But while the Su-57 poses no real air-to-air threat to Western fighters in its current, unrefined state, it has a diverse array of powerful radars Russia could use to perfect anti-stealth techniques and battle plans against the US’s F-22.
The Su-57 can’t yet fight, but it can spy
According to Bronk, one of the main challenges for the Su-57 is integrating the plane’s “really quite innovative radar arrangement.” He said it would be a great opportunity to test the configuration in Syria, where a large number of F-22 stealth jets operate.
“The skies over Iraq and specifically Syria have really just been a treasure trove for them to see how we operate,” Lt. Gen. VeraLinn “Dash” Jamieson said at an Air Force Association briefing hosted by the Mitchell Institute for Aerospace Studies in January 2018.
“Our adversaries are watching us — they’re learning from us,” Jamieson said. With the apparent deployment of the Su-57, Russia may be teaching its best pilots in its newest plane how to stalk and fight F-22s, which would rely on stealth as their major advantage in combat with more maneuverable Russian jets.
But Bronk said deploying Su-57s in Syria would be a “double-edged sword” for Russia. That, Bronk said, is because not only would Russia be able to scope out the US’s stealth fighters, but their presence in Syria would “give the US a chance to see how the F-22s respond” to Russia’s new jet and “allow Western aircraft time to collect signals intelligence on what those radars are doings.”
Marketing ploy for a prestige plane?
Overall, if Russia does have Su-57s in Syria, it’s most likely a marketing ploy to increase exports as Russia’s economy flags under weak oil prices. Though Russia often hypes the Su-57, it has ordered only 12 of them for its own use and “desperately” needs an investment from India to bump up production, Bronk said.
“They’re ordering 12 of them,” Bronk said. “How can you sustain a genuine program when your order book is so tiny? In a state that has huge budget problems and a massive military bill,” the Su-57 functions as a prestige item, Bronk said.
So while the Syrian civil war rages on, and hundreds of civilians fall victim to airstrikes from the Russian-allied Syrian government, Moscow may be using the opportunity to show off shiny new hardware and gain a military edge against its US competitor.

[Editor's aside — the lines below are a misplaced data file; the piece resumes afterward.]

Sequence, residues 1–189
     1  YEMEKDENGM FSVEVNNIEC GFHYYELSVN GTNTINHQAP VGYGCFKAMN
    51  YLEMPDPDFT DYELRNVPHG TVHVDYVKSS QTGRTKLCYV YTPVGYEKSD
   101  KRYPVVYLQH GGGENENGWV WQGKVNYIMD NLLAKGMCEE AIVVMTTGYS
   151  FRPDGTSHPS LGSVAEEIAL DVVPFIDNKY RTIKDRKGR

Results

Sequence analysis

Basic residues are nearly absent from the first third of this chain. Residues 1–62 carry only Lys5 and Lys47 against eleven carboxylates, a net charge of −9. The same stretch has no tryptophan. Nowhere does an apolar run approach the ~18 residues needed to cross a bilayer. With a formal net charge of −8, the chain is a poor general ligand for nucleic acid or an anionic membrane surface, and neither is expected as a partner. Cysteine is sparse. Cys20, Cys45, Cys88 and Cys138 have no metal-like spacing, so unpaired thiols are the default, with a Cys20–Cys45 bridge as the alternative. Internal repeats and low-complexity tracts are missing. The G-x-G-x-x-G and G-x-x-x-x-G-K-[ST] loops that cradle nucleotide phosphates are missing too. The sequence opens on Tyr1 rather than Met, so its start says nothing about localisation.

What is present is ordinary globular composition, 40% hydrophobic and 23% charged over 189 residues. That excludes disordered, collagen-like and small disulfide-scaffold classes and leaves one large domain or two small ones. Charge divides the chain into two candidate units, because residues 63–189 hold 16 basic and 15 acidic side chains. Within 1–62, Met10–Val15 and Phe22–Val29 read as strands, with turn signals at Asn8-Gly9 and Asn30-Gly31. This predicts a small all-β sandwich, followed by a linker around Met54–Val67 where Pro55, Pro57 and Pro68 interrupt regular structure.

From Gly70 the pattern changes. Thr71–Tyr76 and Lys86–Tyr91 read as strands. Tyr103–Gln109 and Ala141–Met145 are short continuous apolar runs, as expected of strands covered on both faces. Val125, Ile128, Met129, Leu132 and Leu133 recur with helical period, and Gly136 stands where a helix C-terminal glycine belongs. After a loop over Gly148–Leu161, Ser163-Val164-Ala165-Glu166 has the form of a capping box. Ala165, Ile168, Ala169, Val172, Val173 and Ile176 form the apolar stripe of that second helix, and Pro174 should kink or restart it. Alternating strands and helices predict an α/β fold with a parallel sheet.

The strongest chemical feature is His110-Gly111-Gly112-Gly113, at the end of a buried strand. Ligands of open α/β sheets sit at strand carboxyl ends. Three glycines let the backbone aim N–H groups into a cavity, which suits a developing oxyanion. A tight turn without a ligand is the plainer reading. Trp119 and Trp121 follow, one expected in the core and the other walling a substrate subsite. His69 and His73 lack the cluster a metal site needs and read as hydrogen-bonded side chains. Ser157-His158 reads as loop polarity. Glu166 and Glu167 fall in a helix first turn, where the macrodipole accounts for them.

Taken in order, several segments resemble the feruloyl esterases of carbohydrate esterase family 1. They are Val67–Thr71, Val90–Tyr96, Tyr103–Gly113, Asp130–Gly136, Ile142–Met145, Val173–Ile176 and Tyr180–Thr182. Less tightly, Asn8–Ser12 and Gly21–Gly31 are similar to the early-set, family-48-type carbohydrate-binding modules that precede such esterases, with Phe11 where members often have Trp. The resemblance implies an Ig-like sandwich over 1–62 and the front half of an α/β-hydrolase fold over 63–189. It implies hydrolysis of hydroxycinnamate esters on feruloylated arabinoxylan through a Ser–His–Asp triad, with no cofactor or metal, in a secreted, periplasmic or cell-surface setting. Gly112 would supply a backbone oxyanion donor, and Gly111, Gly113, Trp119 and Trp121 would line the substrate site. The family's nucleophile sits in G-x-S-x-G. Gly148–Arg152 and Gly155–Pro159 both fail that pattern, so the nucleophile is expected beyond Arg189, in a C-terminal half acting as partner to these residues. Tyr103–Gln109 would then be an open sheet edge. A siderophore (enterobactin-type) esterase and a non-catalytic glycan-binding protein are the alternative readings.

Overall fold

The Navy admiral who has led the service’s most elite special operators during a string of high-profile scandals will leave his post in September, Military.com has confirmed.
Rear Adm. Collin Green will wrap up his term as head of Naval Special Warfare Command after two years in the position. The move, first reported by The Intercept last weekend, follows several high-profile controversies involving the command that, in part, prompted a full review of U.S. Special Operations Command’s ethics and culture.
A Navy official, who spoke on the condition of anonymity to discuss the flag officer’s move, said “there is no indication he has been asked to leave early.”
“He’s leaving at the two-year point, which is a normal command tour,” the official said. “It’s premature to say he’s retiring.”
It’s not immediately clear in what position Green would serve next or who would replace him. The Intercept reported that Rear Adm. H. Wyman Howard III, a Naval Academy grad serving as head of Special Operations Command Central, will be nominated to replace Green.
Howard previously served as a commander with SEAL Team 6, which carries out some of the military’s most covert missions. The Intercept reported in 2017 that Howard gave his operators hand-made hatchets and told them ahead of missions and deployments to “bloody the hatchet.”
Green has led the Navy SEALs since September 2017 after assuming command from Rear Adm. Tim Szymanski, who spent two years in the position. Of the last four flag officers who led the command, three left after two years.
Szymanski’s predecessor, Rear Adm. Brian Losey, led the command for more than three years.
The Intercept reported that Green’s tour had been set to last three years, but “the stress from his reform efforts, as well as personal issues, have taken a toll.”